The data centre sector in Italy is still small but it is set to grow exponentially, as 83 new hubs will open by 2025 with an investment of up to €15 billion. This information has emerged from the first Data Centre Observatory, new research conducted by the Milan Polytechnic’s School of Management.
Last year saw a spike in activity in the sector, with 23 different companies announcing plans to open new data centres, including eight groups that had not operated in Italy before. The new hubs have led to a 23% increase in rated energy output to 430MW.
“The Italian data centre economy has an unprecedented opportunity, with a potential €15 billion in investments by the end of 2025,” said Alessandro Piva, director, Osservatorio Data Center. “These critical infrastructures provide the foundations for the development of a national digital market and make Italy an important player in the European context at a crucial time for data management and Cloud sovereignty.”
The colocation sector – a type of data centre where equipment, space and bandwidth are available for rental to retail customers, has grown to €654 million, a 10% increase on 2022, and the expectation is that it will more than double by 2025.
There are five main data centre hubs in Europe: London, Frankfurt, Amsterdam, Paris and Dublin. However, they have been slowing down recently, says Piva, and this gives new entrants like Italy a chance to enter the fray.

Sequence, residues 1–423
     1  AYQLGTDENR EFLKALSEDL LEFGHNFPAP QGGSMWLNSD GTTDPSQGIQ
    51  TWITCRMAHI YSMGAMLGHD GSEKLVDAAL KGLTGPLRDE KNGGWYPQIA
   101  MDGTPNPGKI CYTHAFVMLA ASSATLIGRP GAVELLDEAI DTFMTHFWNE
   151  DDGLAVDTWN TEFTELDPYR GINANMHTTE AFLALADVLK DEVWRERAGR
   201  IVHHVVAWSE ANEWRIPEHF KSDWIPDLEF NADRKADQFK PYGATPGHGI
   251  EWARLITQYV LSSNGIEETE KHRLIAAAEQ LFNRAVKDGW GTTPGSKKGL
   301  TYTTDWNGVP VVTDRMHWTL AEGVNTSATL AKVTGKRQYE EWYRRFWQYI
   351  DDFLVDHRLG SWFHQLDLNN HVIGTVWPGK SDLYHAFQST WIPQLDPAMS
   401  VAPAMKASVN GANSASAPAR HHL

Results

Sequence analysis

Milan, Italy’s economic and business capital, is the most advanced in the sector, but it 184MW capacity is still a fraction of Frankfurt’s 791MW.
Italy’s chance to grow the sector is also hampered by red tape and the lack of clear regulations at national level. Data centres are classified as generic industrial assets, subject to lengthy assessments before being granted the necessary permits.
The study by Milan Polytechnic emphasises that the Italian authorities should encourage the sector’s growth by classifying data centres as ‘special’ assets, subject to different procedures and to be fast-tracked in the application process.
Another issue is that more power is needed for large data centres (over 10MW), so more investments are needed to upgrade the national power grid as well as more cooperation between public and private entities.
“Italy has begun to narrow the infrastructure gap on data centres and Milan and Rome have consolidated their position as first and second hub,” said Marina Natalucci, director, Osservatorio Data Center. “In the next two years we could see exponential growth, but only if Italy will create the conditions to attract the big players, which will require close coordination between institutions and companies.”